So last week, when reading through IBOT posts, I came across this one from Emily over at Mama Going Solo, and it got me thinking. I’d encourage you to read it, but in a nutshell, she was talking about the personality traits she can already see developing in her little girl, and how that’s going to influence her future. She asked the question ‘do I have the right to decide her future?’ Something I think all of us can probably identify with a little.
A little later, I read another post (I’ve forgotten where sorry), that was talking about a similar idea, but was perhaps much more opinionated in their thinking. The author was arguing that a child is born a certain way, and we as parents are required to love and accept that child as is, and not try to change them at all. A valid point absolutely, but it got me thinking: is it entirely accurate?
There is nothing more important to a child than the unconditional love and acceptance of a parent; that is non negotiable and we all know that. But the idea that we should never seek to ‘change’ our child? Just how far does that go?
I’m a big believer in both nature and nurture working together. I think that all of us are born with a certain set of skills or talents; there are character traits that are inherent and can’t be changed. We are all wired a particular way. When my babies were born, they all behaved differently in their first few hours of life. Taylah was relaxed and cruisy, Bridie clingy and cuddly, Bailey quite put out by the whole being birth thing, and Ava was born knowing it all. I remember gazing at their little faces, noticing these little quirks and filing them to the back of my mind as our first moments together.
Little did I know that those hours would be a sign of things to come. My little people, whilst much more complex and grown up now, are still very similar to those newborns I met. Taylah is still relaxed and cruisy, Bridie still loves to cuddle me at any opportunity, BJ doesn’t love things changing, and really enjoys routine, and Ava still knows it all. :)Who they were was there from the minute they arrived in this world.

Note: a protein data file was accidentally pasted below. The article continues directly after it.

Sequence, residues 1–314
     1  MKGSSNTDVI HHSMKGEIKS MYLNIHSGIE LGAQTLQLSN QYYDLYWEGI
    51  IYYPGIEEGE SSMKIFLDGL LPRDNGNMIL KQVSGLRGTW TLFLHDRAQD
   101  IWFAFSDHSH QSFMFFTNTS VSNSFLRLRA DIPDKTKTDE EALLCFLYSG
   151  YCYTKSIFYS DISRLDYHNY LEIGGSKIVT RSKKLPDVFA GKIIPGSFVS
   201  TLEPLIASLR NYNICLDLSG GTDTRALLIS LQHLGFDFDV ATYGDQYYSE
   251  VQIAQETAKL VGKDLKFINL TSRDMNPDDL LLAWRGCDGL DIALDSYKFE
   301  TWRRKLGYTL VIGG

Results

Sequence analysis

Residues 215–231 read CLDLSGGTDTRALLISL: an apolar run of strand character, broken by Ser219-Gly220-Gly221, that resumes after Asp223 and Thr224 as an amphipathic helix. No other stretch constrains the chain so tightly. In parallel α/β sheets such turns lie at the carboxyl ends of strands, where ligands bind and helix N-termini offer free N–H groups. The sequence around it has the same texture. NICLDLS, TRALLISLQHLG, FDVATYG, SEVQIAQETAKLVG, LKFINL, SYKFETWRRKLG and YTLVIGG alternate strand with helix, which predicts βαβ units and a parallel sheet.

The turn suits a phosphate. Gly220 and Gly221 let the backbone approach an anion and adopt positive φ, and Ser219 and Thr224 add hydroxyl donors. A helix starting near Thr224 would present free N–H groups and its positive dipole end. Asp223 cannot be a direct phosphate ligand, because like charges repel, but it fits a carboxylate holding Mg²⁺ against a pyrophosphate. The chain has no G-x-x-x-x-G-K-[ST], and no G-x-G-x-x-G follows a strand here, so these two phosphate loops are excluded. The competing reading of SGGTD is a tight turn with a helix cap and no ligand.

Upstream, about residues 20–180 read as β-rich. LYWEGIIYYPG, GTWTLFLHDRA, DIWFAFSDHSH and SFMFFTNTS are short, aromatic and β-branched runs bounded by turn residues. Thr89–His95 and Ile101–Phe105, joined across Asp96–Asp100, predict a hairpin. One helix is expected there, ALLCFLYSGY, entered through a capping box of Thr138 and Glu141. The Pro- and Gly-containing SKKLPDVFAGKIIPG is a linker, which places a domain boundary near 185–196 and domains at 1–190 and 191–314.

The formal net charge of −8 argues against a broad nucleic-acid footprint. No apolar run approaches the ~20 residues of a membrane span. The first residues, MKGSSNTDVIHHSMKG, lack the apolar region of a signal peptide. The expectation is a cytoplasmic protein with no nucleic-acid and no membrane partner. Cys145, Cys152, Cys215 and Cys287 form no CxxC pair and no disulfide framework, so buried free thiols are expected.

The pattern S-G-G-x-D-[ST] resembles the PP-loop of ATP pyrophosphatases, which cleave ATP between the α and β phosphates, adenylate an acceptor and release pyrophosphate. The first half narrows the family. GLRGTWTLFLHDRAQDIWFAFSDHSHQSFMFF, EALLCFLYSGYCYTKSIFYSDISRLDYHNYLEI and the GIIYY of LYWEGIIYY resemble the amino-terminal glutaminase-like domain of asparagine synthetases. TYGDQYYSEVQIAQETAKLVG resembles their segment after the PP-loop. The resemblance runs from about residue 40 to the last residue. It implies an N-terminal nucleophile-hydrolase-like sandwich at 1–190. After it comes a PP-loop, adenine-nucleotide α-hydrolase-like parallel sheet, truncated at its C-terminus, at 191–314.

And I love who they are.
No doubt about it.
Having said that, they still need to change. We all need to change. I don’t go one day looking at myself thinking that I am perfect and nothing about me needs altering; on the contrary, I am very aware of so many of my faults, and am constantly trying to improve who I am. Change is part of life; it’s part of growth. It’s necessary, and a wonderful thing.
Part of my job, as a parent then, is to know who my kids are, their strengths and weaknesses, and help them with both. It’s not enough for me to recognise leadership potential and just assume that my child should always be the boss; I need to recognise that potential and teach them how to be a good leader. That the ability to lead is best cultivated by the ability to serve. That good leaders are marked not by their charisma or natural organisational skills, but by their humility and character. Those things don’t often come naturally. They need to be nurtured.
The same can be said for any obvious gift our kids have. A talent at dance, sports, art or whatever, will go nowhere if we don’t have the self-control to cultivate the talent, and to say no to things that will hold it back.
A child who is naturally soft-spoken and shy and may grow to be the worlds most incredible quiet achiever, also needs to learn to interact socially in a polite way. For some kids their greatest battle will be to learn to fight their fear and just say ‘hello’ back to an adult. And as a mum, it’s my responsibility, to help that child move from their natural state of shyness, to polite behaviour.
So I guess what I’m saying, is that whilst our kids need to be accepted and loved just as they are, that doesn’t mean they don’t need improving, for lack of a better word. But rather a gentle guidance that is going to help them to be the best version of exactly who they were meant to be.
What’s your view? Should we be trying to change our kids?
Or just let them be?